The FBI agent assigned to put the handcuffs on Osama bin Laden had practiced what he would say.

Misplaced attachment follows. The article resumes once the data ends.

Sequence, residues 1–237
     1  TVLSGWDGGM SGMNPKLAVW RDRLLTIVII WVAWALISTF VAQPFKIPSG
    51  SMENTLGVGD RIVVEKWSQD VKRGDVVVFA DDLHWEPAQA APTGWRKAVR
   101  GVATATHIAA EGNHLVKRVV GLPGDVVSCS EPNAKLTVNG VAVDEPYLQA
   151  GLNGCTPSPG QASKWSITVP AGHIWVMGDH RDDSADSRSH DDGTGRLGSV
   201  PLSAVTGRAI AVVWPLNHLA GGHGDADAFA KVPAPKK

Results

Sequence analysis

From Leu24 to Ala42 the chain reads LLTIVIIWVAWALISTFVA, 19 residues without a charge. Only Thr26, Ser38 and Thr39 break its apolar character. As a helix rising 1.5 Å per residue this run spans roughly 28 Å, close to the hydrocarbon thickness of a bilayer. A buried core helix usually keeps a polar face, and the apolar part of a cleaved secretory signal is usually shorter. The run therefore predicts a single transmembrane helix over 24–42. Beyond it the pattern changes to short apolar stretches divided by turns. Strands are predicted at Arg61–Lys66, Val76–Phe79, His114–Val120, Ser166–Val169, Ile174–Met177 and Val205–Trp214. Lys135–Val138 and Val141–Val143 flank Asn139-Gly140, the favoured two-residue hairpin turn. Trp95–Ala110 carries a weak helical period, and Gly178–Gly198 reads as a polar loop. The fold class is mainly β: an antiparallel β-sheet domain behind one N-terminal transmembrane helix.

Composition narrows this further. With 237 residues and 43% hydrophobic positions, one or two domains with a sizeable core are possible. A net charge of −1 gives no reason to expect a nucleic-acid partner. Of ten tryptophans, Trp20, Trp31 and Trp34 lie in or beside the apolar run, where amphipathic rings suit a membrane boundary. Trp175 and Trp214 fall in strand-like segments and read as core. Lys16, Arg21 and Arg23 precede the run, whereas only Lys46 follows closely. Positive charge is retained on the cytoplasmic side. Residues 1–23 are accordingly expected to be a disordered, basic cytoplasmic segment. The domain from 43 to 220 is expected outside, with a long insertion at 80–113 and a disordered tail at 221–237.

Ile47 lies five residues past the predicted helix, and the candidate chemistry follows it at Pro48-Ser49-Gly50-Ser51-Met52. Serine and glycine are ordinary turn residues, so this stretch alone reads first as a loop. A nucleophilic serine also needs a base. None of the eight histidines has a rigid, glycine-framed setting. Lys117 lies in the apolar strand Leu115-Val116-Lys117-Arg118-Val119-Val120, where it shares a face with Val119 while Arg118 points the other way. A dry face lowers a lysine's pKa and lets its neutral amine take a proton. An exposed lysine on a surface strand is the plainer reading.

"I would have said, ‘Mr. bin Laden, my name is Jack Cloonan. I’m from the FBI in New York.’" Jack Cloonan told ABC News. "’You are under arrest’…Then he would have been handcuffed…And that’s what I was looking forward to." But, of course, it never happened. Despite 10 years and tens of millions of dollars spent, the United States government has failed to capture or kill the world’s most infamous terrorist. Many CIA officers in the field, including Gary Bernsten, who was assigned to hunt bin Laden, blame officials in Washington. "CIA provided an American president, first Bill Clinton, multiple opportunities to capture or kill bin Laden," Bernsten said. "We provided those opportunities, tactical opportunities which were not taken." In its exhaustive report, the 9/11 Commission identified at least five separate times in 1998 and 1999 when operations were underway to get bin Laden. In only one case was there a decision to proceed. "The commission made no conclusion as to whether they should have gone ahead. I should emphasize," Daniel Marcus, the general counsel for the Commission, told ABC News, "that all of these decisions were difficult decisions because of the potential for collateral casualties among civilians and because of uncertainties as to the intelligence. The first plan in 1998 was to use Afghanis working for the CIA to capture bin laden from his Afghan compound, called Tarnak Farms, and turn him over to the FBI for a flight to the U.S. "The Afghanis were going to be the vanguard. So they were going to break into the compound essentially, shoot it out, because bin Laden obviously had a coterie of guards to protect him. If bin Laden had survived that assault, he was going to be essentially anesthetized," Cloonan said, "removed from that compound." There were four practice rehearsals in Texas and a capture date set, but the Commission said the director of the CIA George Tenet pulled the plug, citing the risk of civilian casualties and the poor odds of success. "Bin laden had two tanks. He had machine gun nests. All of these people that CIA had hired would have been gunned down, and so higher levels in the CIA said that plan won’t work, and I agreed with them, it wouldn’t have worked," Richard Clarke, then White House Director of Counter-terrorism and now an ABC News consultant, said. Two months later al Qaeda attacked two U.S. embassies in Africa, killing more than 250 people. "After the embassy bombings, we developed a very elaborate plan to go after bin laden and the al Qaeda network," Clarke said. That plan started with the launch of cruise missiles against a training camp where bin Laden was expected to be. "Our mission was clear to strike at the network of radical groups affiliated with Osama bin Laden," President Clinton said. But the U.S. missed its primary target, bin Laden. "It was clear that he had been there, and the CIA believes he left a couple of hours before the missile struck," said Marcus. "But, and there are some officials who think it is likely that some Pakistani official notified someone in the Taliban or al Qaeda and tipped off bin Laden to leave. But we don’t know." That was the last time, August of 1998, that the U.S. would actually try to capture or kill bin laden until post-9/11. Each time it would get close, CIA director Tenet would pull the plug, according to Clarke. "President Clinton authorized two U.S. cruise missile attack submarines to sit off the Pakistani coast and to sit there for months on end waiting for word that we might have sighted bin Laden," Clarke explained. And on three occasions, CIA sources, not CIA personnel, but people, Afghans, who were working for CIA, said they thought they knew where bin Laden was. And on all three occasions, those cruise missiles in the submarines were activated and began to spin up and get ready to launch. And on all three occasions, the director of the CIA, George Tenet, said he could not recommend the attack because the information from his one source wasn’t good enough. CIA officers in the field disagreed. And the 9/ll Commission report calls the third of those aborted attacks, Kandahar, May 1999, the last, most likely best chance to get bin Laden. "We thought that was the closest call. And that was one where I think the Commission thought the decision not to undertake that cruise missile strike was relatively murky compared to the decision-making process in other instances," recounted Marcus. Efforts by Richard Clarke to get the U.S. military to bomb the growing al Qaeda training camps were rejected, with generals deriding them as jungle-gym camps, not worth wasting a million dollar missile. "I think if we had taken that opportunity to wipe out the camps, and every time they rebuilt them to wipe them out again, we could have so thrown al Qaeda off that perhaps they wouldn’t have been able to get up," Clarke said. "And we could have done that anytime over the course of several years." In October of 2000, al Qaeda attacked the USS Cole in Yemen, killing 17 crew members. But neither the Clinton nor the Bush administration ordered retaliation. "I think it’s fair to say that the Commission was critical of both the Clinton administration and the Bush administration for dropping the ball, if you will, on the question of responding to the Cole attack," Marcus said. The failure by both Presidents to respond to the Cole is regarded by many as a huge mistake. "We now know from debriefings of captured al Qaeda leaders that the fact that they did the Cole attack and nothing happened did embolden them," Clarke said. Asked if he regrets that, Clarke replied, "I regret it very much."